I also doubt seriously that DOL would ever undertake to try to decide whether a particular security company was "likely" to be awarded such contracts. Many such contracts are actually fairly small, such as the security of a single city government facility. More to the point, this would effectively amount to prior restraint of trade, as bidding would then effectively be limited only to those companies that already have such contracts (because by such interpretation the company would have already had to justify the polygraph exemption - which creates the equivalent of a legal oxymoron).

                Finally, it is the broader policy of the federal government to encourage the growth of small businesses, and time after time various federal agencies that have taken actions that favor larger companies have been set aside by the courts in order to enforce the broader policy considerations.

                As to the idea that the provision isn't solid because more companies aren't using polygraphs, I don't think so. First, there is the common idea that they can't, and they don't even check to see if they can. Second, there is the cost. We're talking about lots of companies out there that barely even check the public criminal records, let alone anything else, because they think it costs too much to do even a basic background check. They do the bare minimum to "get by". You could repeal EPPA completely tomorrow, and they still wouldn't use polygraphs (or most other forms of screening like psychological tests, either).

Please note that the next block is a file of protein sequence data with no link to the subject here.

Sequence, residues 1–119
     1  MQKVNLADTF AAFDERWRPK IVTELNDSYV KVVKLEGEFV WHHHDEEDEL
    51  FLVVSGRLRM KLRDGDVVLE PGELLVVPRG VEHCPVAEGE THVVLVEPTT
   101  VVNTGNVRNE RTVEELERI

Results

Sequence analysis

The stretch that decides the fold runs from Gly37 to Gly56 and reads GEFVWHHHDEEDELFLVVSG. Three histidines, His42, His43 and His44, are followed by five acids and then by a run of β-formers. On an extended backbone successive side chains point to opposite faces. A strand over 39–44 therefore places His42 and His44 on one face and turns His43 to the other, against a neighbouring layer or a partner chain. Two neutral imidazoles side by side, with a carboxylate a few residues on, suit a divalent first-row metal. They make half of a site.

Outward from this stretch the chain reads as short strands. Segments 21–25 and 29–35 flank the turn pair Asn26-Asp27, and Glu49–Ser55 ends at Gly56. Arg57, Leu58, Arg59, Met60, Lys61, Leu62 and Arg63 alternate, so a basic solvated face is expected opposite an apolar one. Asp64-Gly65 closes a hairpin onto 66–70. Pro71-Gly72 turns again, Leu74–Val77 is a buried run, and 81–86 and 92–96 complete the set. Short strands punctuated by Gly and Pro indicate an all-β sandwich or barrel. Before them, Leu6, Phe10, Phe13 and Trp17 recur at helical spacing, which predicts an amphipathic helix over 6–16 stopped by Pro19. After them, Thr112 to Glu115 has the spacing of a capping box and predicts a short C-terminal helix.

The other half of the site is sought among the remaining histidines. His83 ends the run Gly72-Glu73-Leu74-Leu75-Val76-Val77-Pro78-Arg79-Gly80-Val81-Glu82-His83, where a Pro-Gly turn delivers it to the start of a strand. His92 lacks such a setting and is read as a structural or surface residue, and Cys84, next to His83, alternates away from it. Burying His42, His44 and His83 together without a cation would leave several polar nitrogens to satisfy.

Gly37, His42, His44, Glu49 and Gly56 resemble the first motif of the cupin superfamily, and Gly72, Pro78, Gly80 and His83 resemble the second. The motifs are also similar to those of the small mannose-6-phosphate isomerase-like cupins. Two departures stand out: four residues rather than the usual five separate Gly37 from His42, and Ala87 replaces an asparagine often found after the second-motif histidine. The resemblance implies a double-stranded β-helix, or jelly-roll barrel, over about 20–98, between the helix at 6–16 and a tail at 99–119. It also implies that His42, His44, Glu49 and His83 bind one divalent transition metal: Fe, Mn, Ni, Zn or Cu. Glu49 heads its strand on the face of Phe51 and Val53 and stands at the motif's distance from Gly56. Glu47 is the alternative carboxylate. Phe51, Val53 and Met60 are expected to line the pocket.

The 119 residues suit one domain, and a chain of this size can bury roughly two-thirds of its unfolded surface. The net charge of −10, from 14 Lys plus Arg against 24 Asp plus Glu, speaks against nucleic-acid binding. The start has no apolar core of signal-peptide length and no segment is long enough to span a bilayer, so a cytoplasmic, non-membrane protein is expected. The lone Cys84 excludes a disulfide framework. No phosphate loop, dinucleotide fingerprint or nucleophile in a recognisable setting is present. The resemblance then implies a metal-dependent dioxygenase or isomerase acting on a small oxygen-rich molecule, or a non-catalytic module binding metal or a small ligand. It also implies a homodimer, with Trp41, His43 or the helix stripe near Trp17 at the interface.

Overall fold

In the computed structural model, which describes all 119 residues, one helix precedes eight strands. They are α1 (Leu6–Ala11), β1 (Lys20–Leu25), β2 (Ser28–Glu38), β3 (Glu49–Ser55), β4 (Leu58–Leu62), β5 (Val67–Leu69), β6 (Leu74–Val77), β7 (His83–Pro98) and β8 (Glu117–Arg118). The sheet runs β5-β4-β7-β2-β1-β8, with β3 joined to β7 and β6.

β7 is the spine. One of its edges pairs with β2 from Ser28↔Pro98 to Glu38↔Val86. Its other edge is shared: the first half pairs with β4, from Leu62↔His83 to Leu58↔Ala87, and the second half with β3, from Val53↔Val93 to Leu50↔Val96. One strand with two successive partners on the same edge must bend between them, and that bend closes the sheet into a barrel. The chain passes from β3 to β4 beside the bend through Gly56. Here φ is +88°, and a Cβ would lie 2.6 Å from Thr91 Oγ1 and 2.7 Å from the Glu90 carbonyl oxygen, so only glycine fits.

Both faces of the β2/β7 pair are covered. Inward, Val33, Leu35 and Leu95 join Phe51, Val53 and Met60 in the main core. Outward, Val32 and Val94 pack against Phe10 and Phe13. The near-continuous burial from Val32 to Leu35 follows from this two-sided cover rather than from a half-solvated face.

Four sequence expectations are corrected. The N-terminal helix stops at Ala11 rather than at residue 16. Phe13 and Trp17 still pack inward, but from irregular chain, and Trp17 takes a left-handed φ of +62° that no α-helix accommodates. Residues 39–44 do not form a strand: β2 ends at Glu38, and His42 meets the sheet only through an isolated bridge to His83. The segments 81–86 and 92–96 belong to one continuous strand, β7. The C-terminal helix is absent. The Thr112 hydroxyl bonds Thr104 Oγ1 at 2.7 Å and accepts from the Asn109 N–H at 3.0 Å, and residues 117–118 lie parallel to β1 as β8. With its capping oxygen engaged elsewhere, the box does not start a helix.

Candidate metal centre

As I've often said before, companies like this do not seem to understand that they are shooting the whole industry in the foot by such practices...and hurting themselves in the process because it means clients won't pay more than crappy prices for what they perceive to be a no-talent, no/low-requirements, no/low-training, ill-equipped, crappy, crappy, crappy, ccccccrrrrrrrraaaaaaappppppyyyyyy security officer.